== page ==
Great ‘museum shuffle’ plays on

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The government minister in charge of building a new museum for such national treasures as the Viking ships and medieval artifacts was supposed to decide on its location in February. Tora Aasland felt forced to delay her decision, however, because of massive public debate, disagreements with city officials in Oslo and a need for more information.

There's much debate over where an expanded museum housing Norway's Viking ships will be located. Pictured here, the existing museum at Bygdøy in Oslo. PHOTO: Views and News

Debate over the construction and locations of new museums in Oslo has been going on for months, if not years. Ambitious plans are on the drawing board, for example, to move the National Gallery’s collections to a location next to the Nobel Peace Center in Vika, to move the Munch Museum to the waterfront redevelopment area at Bjørvika and move the Stenersen Museum’s collection into the new Munch Museum. 

Perhaps the most heated debate, however, is that revolving around Norway’s national treasure: The Viking ships that were unearthed in the late 1800s and have been housed on Oslo’s Bygdøy Peninsula since 1936.

The building now housing the Viking ships is Norway’s most popular museum, with more than 400,000 visiting annually. It’s located just next to the outdoor Folk Museum, and not far from the Maritime Museum, the building housing the polar ship Fram and the Kon-Tiki Museum. Officials at the Folk Museum don’t want to lose their famous neighbours, while Thor Heyerdahl Jr, son of the Kon-Tiki’s legendary skipper, told newspaper Aftenposten that the Kon-Tiki Museum will move south to the city of Larvik (Heyerdahl’s home town) if the Viking ships are moved.

Technically, though, the Viking ships are part of the collections of Norway’s Museum of Culture and History, which now is housed in a building downtown from 1904 that’s overdue for renovation. It only has around 67,000 visitors a year and its leader, Egil Mikkelsen, wants to build a new, expanded museum that would house both the downtown collections and the Viking ships, at a new location near the waterfront at Bjørvika on Oslo’s east side.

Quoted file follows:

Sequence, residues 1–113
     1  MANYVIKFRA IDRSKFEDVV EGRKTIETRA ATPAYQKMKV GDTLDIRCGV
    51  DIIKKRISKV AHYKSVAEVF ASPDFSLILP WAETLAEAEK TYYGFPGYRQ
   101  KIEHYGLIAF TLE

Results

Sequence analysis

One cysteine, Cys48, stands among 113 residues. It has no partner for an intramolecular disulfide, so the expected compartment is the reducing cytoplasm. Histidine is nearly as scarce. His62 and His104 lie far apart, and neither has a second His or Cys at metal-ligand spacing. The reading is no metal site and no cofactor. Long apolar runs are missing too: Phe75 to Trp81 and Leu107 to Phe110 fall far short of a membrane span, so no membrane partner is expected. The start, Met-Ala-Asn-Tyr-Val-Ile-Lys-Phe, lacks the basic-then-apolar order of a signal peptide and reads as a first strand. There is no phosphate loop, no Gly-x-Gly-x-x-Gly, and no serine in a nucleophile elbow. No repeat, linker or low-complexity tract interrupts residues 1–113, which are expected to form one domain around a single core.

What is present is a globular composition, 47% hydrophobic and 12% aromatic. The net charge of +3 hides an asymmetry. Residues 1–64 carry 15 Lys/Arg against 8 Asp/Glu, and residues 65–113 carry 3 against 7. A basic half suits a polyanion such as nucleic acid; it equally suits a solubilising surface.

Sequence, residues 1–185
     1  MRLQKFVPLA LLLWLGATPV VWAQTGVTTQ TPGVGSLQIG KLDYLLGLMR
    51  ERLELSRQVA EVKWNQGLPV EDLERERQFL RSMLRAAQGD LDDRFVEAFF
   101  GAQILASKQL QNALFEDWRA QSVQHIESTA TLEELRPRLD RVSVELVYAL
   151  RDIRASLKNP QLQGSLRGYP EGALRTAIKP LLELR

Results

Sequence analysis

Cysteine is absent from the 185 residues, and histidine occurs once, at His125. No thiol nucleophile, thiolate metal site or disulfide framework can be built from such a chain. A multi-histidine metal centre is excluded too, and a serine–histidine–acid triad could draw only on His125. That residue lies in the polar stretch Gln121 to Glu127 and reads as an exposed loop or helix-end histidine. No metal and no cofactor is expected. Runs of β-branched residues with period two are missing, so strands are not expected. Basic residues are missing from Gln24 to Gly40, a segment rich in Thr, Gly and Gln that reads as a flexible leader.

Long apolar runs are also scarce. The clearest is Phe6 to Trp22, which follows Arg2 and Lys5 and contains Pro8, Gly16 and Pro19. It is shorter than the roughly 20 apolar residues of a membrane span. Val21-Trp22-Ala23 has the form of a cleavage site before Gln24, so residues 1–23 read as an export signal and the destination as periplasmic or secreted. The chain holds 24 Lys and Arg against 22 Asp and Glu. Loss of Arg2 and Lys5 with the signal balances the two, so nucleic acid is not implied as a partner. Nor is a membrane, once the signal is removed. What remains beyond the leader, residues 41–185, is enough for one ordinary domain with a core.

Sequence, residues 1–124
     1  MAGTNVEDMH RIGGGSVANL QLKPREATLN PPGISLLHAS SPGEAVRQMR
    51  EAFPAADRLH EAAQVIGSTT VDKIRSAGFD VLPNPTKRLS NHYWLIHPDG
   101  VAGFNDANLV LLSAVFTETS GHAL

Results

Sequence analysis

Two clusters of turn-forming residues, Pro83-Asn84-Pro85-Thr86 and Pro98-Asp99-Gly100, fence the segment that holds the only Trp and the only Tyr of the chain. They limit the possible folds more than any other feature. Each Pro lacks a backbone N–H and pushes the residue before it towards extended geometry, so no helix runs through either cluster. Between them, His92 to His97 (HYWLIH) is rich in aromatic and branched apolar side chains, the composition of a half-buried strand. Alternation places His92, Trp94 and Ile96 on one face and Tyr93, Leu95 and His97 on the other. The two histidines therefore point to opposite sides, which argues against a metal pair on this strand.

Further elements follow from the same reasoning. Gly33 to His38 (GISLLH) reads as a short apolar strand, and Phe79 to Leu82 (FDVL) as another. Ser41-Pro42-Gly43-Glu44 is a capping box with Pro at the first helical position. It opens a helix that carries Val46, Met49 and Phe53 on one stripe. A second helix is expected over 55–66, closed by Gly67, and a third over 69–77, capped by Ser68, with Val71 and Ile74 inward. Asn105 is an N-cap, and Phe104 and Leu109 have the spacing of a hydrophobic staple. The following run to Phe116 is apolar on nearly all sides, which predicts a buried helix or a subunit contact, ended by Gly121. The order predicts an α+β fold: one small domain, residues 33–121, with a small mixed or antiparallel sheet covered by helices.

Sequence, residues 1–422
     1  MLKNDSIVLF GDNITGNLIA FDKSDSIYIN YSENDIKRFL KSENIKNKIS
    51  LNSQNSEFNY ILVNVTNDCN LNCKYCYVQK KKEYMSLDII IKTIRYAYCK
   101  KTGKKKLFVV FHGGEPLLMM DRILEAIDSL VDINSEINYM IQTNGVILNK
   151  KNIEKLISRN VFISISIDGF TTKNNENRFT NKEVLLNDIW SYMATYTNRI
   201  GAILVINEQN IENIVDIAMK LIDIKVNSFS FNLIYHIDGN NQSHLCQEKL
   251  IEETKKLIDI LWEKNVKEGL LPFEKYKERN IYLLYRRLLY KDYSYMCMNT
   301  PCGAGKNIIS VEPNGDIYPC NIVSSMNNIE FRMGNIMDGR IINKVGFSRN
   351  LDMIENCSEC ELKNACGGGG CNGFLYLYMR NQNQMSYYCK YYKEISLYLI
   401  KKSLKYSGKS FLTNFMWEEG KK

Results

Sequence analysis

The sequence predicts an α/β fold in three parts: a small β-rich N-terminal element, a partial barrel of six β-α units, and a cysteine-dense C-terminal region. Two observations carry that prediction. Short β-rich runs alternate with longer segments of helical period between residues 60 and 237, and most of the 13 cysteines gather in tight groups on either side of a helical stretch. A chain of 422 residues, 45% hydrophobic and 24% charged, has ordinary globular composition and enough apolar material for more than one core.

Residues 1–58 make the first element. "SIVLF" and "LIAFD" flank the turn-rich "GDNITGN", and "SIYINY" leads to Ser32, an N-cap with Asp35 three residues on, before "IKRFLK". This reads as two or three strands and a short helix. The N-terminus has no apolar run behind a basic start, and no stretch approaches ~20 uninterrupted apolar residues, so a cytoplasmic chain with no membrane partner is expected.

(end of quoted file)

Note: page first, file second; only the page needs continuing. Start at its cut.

The Museum of Culture and History in turn is part of the University of Oslo. That’s why Tora Aasland of the Socialist Left party has some serious decision making to do, because she’s Norway’s cabinet minister in charge of research and higher education.

She’s now caught in a power struggle between several strong forces, with some fellow ministers and Norway’sRiksantikvar (Jørn Holme, the country’s head of cultural preservation) among those wanting the Viking ships to stay berthed at Bygdøy, and Mikkelsen, university officials and Oslo city politicians among those favoring the new site.

Advocates of the current Bygdøy location say a new, bigger museum could be built adjacent to the current Viking Ships Museum, with one proposal calling for it to be fashioned like a Viking burial mound. Others are skeptical, and want a more spacious, modern structure at Bjørvika.

It remains unclear whether the Viking ships can even tolerate a move, although two studies say they can. Aasland said she needs more time to settle the debate, admitting “it was a bit stupid” of her to initially claim a decision would be made in February.

An analysis of traffic impact from an expanded museum at Bygdøy is due by May. The city doesn’t want to lose the Kon-Tiki Museum, but remains firmly committed to Bjørvika. Aasland is acutely aware of the fight she faces, but claims that “it’s positive” so many forces are engaged in the lively debate.

Views and News from Norway/Nina Berglund
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